Nearly a century ago, humanity was reeling under the firm grip of the deadliest pandemic in recorded history. By the end of 1920, the ‘Spanish flu’ or the 1918 Influenza pandemic, had claimed between 50 and 100 million lives globally. India was one of the worst affected countries, accounting for over 18 million deaths, and the world was brought to a standstill.
All this, of course, is eerily familiar to us now, as we grapple with the deadly second wave of COVID-19 sweeping the country. While the immediate focus is on controlling the spread of the virus, there is also an equally urgent need to understand the factors leading to the emergence of such pandemics. Because the next deadly outbreak may be away by a century or just a few months—we have no clue so far!
‘Emerging’ infectious diseases
Since the first human virus (Yellow Fever virus) was discovered in 1901, scientists have discovered about three to four new virus species every year. Estimates suggest that there are 1.6 million undiscovered or unknown viruses, with about half a million of these with a potential to infect humans.
Recognising this threat, scientists have ramped up the exploration for new viruses in recent years. In the last decade alone, we have found 900 viruses, including 16 coronaviruses that have zoonotic potential i.e. having the ability to pass from animals to humans. Indeed, more than 60% of all ‘emerging’ infectious diseases—those that have been increasing or could increase in incidence—come from animals, especially wildlife.
Growing risks of pathogens ‘spill-over’
Pathogens are a part of every natural system and have co-evolved with their hosts. There is thus a natural dynamic of infection and recovery that occurs in all populations. However, when human action disrupts these cycles, especially by increasing our contact with wildlife, we also increase the chance that novel pathogens can ‘spill-over’ from wildlife to domestic animals or to humans.
Our globalised lifestyle has resulted in the destruction of the natural environment—agricultural intensification, mining, dams, and industries, the legal and illegal trade in wildlife, and industrial-scale food production. All of these create multiple pathways for new pathogens to spill over to humans.
Importance of multidisciplinary approach
These linkages between changing land use patterns in biodiverse areas and the risk of emergence of diseases are well recognised. Embedded within this is the recognition that human health is intrinsically linked to animal and environmental health—a concept called ‘OneHealth’.
Therefore, to better understand and mitigate the risk of zoonotic diseases, it is essential that scientists and practitioners from multiple disciplines work together.
An excellent example of such cross-sectoral international collaboration was seen in India, as early as in the 1950s. A mysterious disease started to affect the forest-dwelling communities in the Western Ghats of Karnataka during these years. Initially, the disease was called ‘monkey fever’ locally on account of observable links between monkey deaths and human infections. Later, it came to be known as Kyasanur Forest Disease (KFD), derived from a village near Shimoga.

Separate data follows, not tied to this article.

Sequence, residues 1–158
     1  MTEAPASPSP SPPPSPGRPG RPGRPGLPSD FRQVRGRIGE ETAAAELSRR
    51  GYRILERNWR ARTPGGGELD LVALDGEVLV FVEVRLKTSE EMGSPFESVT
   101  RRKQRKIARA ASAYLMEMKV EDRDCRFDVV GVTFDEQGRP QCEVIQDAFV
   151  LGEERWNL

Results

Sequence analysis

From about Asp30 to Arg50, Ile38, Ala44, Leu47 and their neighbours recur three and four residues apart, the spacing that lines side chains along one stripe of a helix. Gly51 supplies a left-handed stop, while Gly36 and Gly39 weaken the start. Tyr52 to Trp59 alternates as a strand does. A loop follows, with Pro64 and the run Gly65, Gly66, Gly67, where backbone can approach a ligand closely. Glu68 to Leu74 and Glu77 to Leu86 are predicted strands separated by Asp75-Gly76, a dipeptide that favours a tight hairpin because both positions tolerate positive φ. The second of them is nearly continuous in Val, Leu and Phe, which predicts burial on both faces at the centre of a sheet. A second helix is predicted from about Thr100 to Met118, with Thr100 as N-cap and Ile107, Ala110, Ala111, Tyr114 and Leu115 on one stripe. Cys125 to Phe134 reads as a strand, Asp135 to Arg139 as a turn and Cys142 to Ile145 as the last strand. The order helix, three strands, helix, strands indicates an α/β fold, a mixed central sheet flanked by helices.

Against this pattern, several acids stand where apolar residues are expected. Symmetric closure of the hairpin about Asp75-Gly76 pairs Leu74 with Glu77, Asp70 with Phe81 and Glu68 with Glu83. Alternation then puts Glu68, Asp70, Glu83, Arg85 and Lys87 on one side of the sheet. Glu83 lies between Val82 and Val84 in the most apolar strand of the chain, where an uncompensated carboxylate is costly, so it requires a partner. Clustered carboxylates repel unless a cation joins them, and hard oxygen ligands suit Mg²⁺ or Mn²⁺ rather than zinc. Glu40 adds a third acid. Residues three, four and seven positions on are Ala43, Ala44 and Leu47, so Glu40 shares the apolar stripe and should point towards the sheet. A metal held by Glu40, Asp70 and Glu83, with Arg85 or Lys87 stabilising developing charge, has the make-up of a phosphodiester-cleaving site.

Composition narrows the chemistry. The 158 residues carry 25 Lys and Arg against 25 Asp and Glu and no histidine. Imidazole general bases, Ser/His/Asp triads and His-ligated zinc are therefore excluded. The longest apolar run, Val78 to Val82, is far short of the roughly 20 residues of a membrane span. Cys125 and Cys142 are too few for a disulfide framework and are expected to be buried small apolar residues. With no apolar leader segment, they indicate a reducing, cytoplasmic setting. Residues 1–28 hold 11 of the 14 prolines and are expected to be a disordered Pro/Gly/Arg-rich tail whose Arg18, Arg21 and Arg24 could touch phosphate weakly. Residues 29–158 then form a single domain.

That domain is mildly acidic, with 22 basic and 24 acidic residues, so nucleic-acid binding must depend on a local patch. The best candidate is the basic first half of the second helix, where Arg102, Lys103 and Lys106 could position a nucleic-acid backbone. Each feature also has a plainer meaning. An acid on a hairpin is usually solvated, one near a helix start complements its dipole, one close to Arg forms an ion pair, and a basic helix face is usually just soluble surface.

A diverse set of entities worked on finding the cause behind this mysterious disease. These included the Rockefeller Foundation and the Virus Research Centre (later the National Institute of Virology), Pune, the World Health Organization (WHO), and the Bombay Natural History Society. The dedicated researchers from the Virus Research Centre combed the forests of the Western Ghats for potential carriers. They operated on dead monkeys in their investigations into the cause of the disease.
The legendary bird-man of India, Salim Ali, tagged migratory birds to rule out the possibility that they were carrying pathogens responsible for this disease in their cross-continental flights.
Ultimately, the fascinating trajectory of KFD was partially revealed. It turned out to be a virus that was spread through the bite of ticks that normally lived on a range of wild animals, from shrews and rodents to bats and monkeys and domestic animals such as cattle. Adivasi communities, plantation workers and other forest dwellers who used these landscapes for their livelihoods were most susceptible to this disease.
Recent studies have found that ecological changes in the Western Ghats, including conversion to monoculture plantations, and the overall loss of biodiversity has created an increasingly greater number of ‘transition zones’. This has led to the creation of more avenues for wild and domestic animals, and humans to come into contact.
Thus, while we find ways of extricating ourselves from the effects of the current pandemic, we need to understand that we also face a potentially much bigger catastrophe in the form of the global climate change emergency. There are many commonalities between the factors responsible for the emergence of pandemic causing viruses and climate change. The effects of global climate change has an additive effect on the risk of new pathogens emerging.
Our continued destruction of the Earth’s ecosystems to feed the insatiable appetite of our hyper-consumerist lifestyles risks the world being brought to its knees again. It is high time, therefore, that we pay heed to these warnings!
Dr Abi T Vanak is an Associate Professor at the Ashoka Trust for Research in Ecology and the Environment (ATREE) in Bengaluru, India
This article is a guest column reflecting the author’s opinions and does not necessarily represent the official views of The Weather Channel.